It is natural to use computers to help us verify correctness. Everyone who has ever programmed in a strictly-typed programming language, such as Java or Haskell, is familiar with the need to specify types of variables and functions and follow strict rules of type-safety. But of course, ensuring type-safety is just the compiler's way to help you ensure some basic claims about the program, such as "this variable will always contain an integer" or "this function will always be invoked with exactly three parameters".

    This is very convenient, yet can be somewhat limiting or annoying at times. After all, type-safety requires you to write code that "can be type-checked". Although very often this is expected of "good code" anyway, there are situations where you would like some more flexibility. For this reason some languages impose no type-safety rules at all (e.g. Python or Javascript), and some languages let you disable type-checking for parts of code.

    Rather than disabling the type checker, another principled way to allow more flexibility is to make the type-checker smarter. This is the promise of dependent types. In principle, a language, which supports dependent types, would let you make much more detailed statements about your program and have your program automatically checked for correctness with respect to those statements. Rather than being limited to primitive claims like "this variable is an integer", the use of dependent types enables you to assert things like "this is a sorted list", or "this is an odd integer", and so on up to nearly arbitrary level of detail, in the form of a type annotation. At least that much I found out during a course at the recent winter school.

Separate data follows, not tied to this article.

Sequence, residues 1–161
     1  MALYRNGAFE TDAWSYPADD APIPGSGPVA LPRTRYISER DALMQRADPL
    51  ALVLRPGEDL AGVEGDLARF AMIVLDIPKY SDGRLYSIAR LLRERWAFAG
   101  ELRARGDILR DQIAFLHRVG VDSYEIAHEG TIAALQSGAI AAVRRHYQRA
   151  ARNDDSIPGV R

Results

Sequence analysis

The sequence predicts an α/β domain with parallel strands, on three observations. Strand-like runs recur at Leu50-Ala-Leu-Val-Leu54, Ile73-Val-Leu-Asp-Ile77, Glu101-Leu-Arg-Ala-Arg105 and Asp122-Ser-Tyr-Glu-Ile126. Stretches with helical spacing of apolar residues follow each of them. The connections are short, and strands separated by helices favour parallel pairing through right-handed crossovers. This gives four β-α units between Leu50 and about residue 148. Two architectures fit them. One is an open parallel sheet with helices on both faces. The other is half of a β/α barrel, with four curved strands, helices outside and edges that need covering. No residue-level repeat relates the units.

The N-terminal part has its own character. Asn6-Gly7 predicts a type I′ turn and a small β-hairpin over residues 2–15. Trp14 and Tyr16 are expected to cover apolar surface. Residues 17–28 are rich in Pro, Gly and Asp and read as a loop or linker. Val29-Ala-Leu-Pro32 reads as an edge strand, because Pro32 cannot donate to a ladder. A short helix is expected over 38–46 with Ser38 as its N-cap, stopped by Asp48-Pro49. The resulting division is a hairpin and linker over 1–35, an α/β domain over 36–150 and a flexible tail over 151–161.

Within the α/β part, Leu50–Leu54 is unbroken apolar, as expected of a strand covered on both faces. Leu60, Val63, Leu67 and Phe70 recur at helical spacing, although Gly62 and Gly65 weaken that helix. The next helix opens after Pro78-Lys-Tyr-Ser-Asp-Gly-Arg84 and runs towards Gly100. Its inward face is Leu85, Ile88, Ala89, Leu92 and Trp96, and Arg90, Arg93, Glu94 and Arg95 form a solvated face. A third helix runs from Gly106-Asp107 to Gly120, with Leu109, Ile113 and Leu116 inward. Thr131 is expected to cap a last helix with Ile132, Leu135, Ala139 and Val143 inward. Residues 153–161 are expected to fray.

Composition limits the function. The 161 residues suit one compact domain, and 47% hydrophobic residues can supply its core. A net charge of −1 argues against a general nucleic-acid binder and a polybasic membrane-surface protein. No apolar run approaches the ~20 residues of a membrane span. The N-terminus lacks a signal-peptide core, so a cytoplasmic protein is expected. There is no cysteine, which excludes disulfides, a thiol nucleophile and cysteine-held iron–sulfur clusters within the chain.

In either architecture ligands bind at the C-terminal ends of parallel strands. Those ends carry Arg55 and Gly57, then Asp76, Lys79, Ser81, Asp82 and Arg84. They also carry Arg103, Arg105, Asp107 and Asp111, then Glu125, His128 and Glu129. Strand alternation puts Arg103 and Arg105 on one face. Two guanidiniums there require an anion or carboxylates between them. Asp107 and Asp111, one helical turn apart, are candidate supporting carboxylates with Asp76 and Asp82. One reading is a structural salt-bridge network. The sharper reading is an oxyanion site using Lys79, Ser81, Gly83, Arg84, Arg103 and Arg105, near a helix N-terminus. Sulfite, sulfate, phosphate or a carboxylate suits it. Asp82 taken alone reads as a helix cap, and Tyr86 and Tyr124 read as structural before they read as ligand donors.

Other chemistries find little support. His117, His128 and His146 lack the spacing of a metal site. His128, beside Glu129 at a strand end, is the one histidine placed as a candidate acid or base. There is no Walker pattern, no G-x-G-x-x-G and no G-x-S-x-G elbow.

The course was based on the Agda programming language, and the first thing I decided to try implementing in Agda is a well-typed version of the following simple function:

    f t = if t then true else 0

    It might look like something trivial, yet most traditional strictly typed languages would not let you write this. After all, a function has to have a return type, and it has to be either a Boolean or an Integer, but not both. In this case, however, we expect our function to have a parameter-dependent type:

    f : (t : Bool) → if t then Bool else Integer

    Given that Agda is designed to support dependent types, how complicated could it be to implement such a simple function? It turns out, it takes a beginner more than an hour of thinking and a couple of consultations with the specialists in the field. The resulting code will include at least three different definitions of "if-then-else" statements and, I must admit, some aspects of it are still not completely clear to me.

    IF-THEN-ELSE in Agda

    IF-THEN-ELSE in Agda, including all the boilerplate code

    This is the longest code I've ever had to write to specify a simple if-then-else statement. The point of this blog post is to share the amusement and suggest you to check out Agda if you are in the mood for some puzzle-solving.

    As for dependent types, I guess those are not becoming mainstream any time soon.

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  • Posted by Konstantin 25.02.2013 5 Comments